Associate Senate Historian Dr. Donald A. Ritchie noted that the 9,675 pages of hearing transcripts, recording the testimony of nearly 500 witnesses, demonstrate that "anybody who stood up to McCarthy in closed session, and did so articulately, tended not to get called up into the public session.... McCarthy was only interested in the people he could browbeat publicly." Senator Susan Collins (R-ME), who attended the public release of the documents, which had been kept sealed for 50 years, called them "chilling."

One witness in the Hiss case, Felix A. Inslerman, did testify in open session before McCarthy's Subcommittee as a reluctantly cooperative witness. McCarthy presents Inslerman as a witness who can corroborate Whittaker Chambers' testimony, even though Inslerman's testimony in fact frequently contradicts Chambers's assertions. (McCarthy, who in his remarks refers to Chambers as Whit, did not thereafter look further into the Hiss case.) To read Inslerman's testimony in part or in full, click here.

Some commentators have noted that the newly released Subcommittee testimony is revelatory in that, despite its encyclopedic length, it fails to disclose any evidence to support McCarthy's claim of a communist consipiracy to place spies in the highest levels of the American government. To download the newly available McCarthy Subcommitee material from the Government Printing Office's Web site, click here.

5/9/03 - Fred J. Cook, an investigative journalist who in the 1950s conducted the first independent examination of the Hiss case in 1957, died on April 4, 2003 at his home in Interlaken, New Jersey. He was 92.

At first glance, Cook seemed an unlikely choice for the assignment. He was a politically conservative crime reporter for The New York World-Telegram & the Sun, a politically conservative newspaper, when he was asked by Carey McWilliams, then editor of The Nation, to undertake an reexamination of the Hiss case for the magazine. Cook was initially reluctant, since he felt that Hiss's guilt had been proven on trial but, after more prodding from McWilliams, agreed to accept the assignment.

In an unprecedented move, The Nation devoted an entire issue to Cook's report, "New Perspectives On the Strangest Case Of Our Time," which appeared on September 21, 1957. By the time his article was published, Cook's ideas about the Hiss case had changed. His own in-depth reporting, he said, had convinced him that the evidence in the case clearly pointed toward Hiss's innocence. Cook later expanded the article into a book, "The Unfinished Story of Alger Hiss" (Morrow, 1958).

Cook's work on the Hiss case had an enormous impact on his professional career, eventually establishing him as one of America's foremost investigative journalists. He was the author of 45 books on a range of subjects, including the Federal Bureau of Investigation ("The FBI Nobody Knows"), big oil ("The Great Energy Scam"), the military-industrial complex ("The Warfare State").

The reaction to one of Cook's books, "Goldwater: Extremist on the Right," led to an historic Supreme Court decision, in Red Lion v. FCC. Billy James Hargis, a popular radio evangelist, had attacked Cook on his show. When Cook demanded free air time to respond under the Federal Communications Commission's fairness doctrine, WGCB of Red Lion, Pennsylvania, a radio station that carried Hargis's show, sued the FCC, claiming the fairness doctrine violated its First Amendment rights. The Supreme Court in 1969 upheld the constitutionality of the fairness doctrine.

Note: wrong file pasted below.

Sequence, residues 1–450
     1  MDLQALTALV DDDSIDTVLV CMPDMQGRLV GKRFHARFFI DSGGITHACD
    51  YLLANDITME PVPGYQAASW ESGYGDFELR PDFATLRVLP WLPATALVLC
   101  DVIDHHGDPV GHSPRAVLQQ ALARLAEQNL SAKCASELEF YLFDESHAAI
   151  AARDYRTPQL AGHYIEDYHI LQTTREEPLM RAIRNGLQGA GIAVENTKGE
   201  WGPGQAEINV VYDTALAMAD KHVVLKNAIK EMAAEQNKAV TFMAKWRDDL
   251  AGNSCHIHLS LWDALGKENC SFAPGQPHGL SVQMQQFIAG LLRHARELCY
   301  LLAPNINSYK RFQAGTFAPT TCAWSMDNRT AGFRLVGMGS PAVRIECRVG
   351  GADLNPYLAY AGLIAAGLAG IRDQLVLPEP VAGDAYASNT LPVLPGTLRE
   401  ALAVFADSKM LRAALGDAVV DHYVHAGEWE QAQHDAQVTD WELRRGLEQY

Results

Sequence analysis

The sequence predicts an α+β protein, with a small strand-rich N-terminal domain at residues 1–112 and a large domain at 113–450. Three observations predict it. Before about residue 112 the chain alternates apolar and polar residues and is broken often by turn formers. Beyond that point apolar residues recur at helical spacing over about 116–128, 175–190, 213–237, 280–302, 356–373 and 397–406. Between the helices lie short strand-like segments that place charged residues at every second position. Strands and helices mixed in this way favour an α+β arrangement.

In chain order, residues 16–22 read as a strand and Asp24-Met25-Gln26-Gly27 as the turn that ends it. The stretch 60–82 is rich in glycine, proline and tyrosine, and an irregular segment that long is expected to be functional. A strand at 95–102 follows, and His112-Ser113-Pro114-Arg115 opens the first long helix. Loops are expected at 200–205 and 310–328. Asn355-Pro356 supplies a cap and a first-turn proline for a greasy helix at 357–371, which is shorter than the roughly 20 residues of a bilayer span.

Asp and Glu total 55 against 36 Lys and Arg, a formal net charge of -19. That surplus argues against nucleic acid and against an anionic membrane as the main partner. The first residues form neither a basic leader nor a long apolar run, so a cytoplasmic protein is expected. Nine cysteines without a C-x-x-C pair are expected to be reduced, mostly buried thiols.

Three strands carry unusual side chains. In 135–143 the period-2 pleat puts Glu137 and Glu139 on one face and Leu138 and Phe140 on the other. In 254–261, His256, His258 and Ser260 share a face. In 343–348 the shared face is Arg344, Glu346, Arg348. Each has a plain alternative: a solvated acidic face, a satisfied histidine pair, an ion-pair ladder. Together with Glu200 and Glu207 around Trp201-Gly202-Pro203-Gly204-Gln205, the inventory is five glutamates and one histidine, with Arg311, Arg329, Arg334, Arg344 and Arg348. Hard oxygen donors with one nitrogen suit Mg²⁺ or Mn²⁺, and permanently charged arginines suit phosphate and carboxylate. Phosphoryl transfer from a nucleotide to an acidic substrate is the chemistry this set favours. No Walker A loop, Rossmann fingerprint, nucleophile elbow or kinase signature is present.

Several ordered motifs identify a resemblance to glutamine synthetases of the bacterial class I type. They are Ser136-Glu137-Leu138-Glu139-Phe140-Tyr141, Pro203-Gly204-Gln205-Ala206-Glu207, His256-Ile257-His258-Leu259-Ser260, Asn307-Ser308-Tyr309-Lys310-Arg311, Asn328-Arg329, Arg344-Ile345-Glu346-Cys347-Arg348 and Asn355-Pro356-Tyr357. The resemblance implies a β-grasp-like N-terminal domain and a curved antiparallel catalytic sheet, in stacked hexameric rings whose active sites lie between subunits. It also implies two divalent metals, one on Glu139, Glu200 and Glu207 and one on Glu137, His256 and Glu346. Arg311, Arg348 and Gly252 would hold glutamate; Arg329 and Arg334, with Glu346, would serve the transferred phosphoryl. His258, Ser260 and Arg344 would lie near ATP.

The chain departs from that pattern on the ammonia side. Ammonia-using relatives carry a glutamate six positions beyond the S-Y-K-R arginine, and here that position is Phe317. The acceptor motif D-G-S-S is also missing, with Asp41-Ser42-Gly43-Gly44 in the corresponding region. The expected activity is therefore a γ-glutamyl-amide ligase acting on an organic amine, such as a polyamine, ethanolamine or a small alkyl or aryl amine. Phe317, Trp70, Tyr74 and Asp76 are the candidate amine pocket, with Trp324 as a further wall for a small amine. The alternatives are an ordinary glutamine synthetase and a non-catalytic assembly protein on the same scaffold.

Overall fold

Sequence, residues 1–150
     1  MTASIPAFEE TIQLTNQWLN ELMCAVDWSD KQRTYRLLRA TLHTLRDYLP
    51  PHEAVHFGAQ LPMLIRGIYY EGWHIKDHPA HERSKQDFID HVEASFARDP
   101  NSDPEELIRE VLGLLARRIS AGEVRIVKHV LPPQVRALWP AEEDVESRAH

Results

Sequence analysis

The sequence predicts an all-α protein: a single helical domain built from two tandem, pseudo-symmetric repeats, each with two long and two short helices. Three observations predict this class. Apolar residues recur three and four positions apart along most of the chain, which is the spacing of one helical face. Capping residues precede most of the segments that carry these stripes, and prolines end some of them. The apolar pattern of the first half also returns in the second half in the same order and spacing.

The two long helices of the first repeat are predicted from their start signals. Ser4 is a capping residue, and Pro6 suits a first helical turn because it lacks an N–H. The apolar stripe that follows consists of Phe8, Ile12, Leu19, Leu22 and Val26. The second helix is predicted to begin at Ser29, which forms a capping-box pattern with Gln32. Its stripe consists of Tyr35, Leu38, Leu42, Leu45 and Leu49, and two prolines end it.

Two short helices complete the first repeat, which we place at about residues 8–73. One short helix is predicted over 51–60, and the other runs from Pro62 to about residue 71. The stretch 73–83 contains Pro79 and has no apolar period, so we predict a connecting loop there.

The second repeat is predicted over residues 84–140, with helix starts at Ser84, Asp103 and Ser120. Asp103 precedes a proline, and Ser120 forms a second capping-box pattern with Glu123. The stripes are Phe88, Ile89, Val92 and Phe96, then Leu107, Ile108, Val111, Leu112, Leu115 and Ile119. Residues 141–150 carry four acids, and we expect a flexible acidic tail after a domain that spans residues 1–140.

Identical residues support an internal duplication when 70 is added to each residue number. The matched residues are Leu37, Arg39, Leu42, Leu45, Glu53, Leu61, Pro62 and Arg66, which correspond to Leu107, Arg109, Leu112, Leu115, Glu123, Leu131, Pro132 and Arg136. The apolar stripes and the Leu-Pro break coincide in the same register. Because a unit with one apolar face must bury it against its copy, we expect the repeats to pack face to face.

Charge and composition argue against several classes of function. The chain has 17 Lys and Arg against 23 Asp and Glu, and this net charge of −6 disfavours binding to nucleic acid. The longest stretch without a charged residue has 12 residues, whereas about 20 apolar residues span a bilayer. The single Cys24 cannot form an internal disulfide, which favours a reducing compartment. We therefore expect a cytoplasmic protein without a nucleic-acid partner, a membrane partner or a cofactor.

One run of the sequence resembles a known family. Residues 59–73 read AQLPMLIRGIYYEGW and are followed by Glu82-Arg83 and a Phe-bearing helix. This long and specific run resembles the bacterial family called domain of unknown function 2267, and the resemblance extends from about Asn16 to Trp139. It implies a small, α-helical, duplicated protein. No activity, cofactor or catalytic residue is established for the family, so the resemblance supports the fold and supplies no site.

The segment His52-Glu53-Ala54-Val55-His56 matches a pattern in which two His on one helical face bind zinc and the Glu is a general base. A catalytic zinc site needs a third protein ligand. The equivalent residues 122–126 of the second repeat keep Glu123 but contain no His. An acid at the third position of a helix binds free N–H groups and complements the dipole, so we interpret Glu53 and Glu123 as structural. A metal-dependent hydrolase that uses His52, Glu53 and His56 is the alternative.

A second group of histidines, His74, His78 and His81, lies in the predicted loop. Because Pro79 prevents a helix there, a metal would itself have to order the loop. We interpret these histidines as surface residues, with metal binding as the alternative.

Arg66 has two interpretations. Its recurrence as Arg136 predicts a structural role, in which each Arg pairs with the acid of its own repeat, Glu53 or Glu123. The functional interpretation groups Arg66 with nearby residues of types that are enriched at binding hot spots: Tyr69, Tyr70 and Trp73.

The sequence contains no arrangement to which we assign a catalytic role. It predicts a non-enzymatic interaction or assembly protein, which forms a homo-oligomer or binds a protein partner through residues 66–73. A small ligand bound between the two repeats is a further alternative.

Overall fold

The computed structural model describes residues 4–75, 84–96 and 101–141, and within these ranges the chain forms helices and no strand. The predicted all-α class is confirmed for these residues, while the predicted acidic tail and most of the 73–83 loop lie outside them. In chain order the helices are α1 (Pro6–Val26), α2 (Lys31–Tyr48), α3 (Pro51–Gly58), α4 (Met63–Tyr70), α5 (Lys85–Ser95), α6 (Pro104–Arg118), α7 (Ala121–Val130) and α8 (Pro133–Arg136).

In 2000, "The Alger Hiss Story" Web site's managing editor, Jeff Kisseloff, conducted an extensive interview with Fred J. Cook, who still maintained an active interest in the Hiss case; click here to read the interview. Several of Fred Cook's articles for The Nation about aspects of the case can also be found on "The Alger Hiss Story"'s site map.

1/6/03 - Links to a new Hiss-related Web site that describes the writing of "The View from Alger's Window," Tony Hiss's memoir of his father.  It offers extracts from the book and from Alger Hiss's letters home from prison; an update on the Hiss case; and Tony Hiss's national lecture schedule. Click here to link to the site.

8/12/02 - Alger Hiss writes about the evolution of his own political views in this recently discovered essay of major historical importance. The piece was originally intended to serve as the introduction to his book on the New Deal. Click here to read this remarkable article.

3/20/02 - Gil Green and William A. Reuben comment on a document found in Green's FBI file indicating that while the FBI was denying the possibility of forgery by typewriter, its laboratory was fully capable of carrying it out. Click here to read their story, which originally appeared in The Nation.

3/05/02 - On the site's new FOIA page, Fred J. Cook examines revelations in FBI documents about the government's surveillance of Alger Hiss. Click here to read Cook's article.

3/05/02 - Professor David Levin compares three firsthand accounts of the case: Richard Nixon's "Six Crises," Whittaker Chambers' "Witness," and Alger Hiss's "In the Court of Public Opinion." His piece originally appeared in the Virginia Quarterly Review in 1976.

3/03/02 - Alger Hiss talks about his coram nobis suit in this 1978 interview in The Advocate, a newsletter published by the Suffolk University Law School in Boston.

3/01/02 - Click here to read Bruce Craig's detailed overview of the HUAC files released to the public in 2001.

7/27/01 - Click here to read a 1960 Esquire profile of Alger Hiss by Brock Brower - the first in-depth interview with Hiss after his release from prison.

4/17/01 - Alger Hiss's stepson Tim Hobson discusses his "truth serum" test, administered to reveal any memories he might have had about Whittaker Chambers. Click here for his recollections.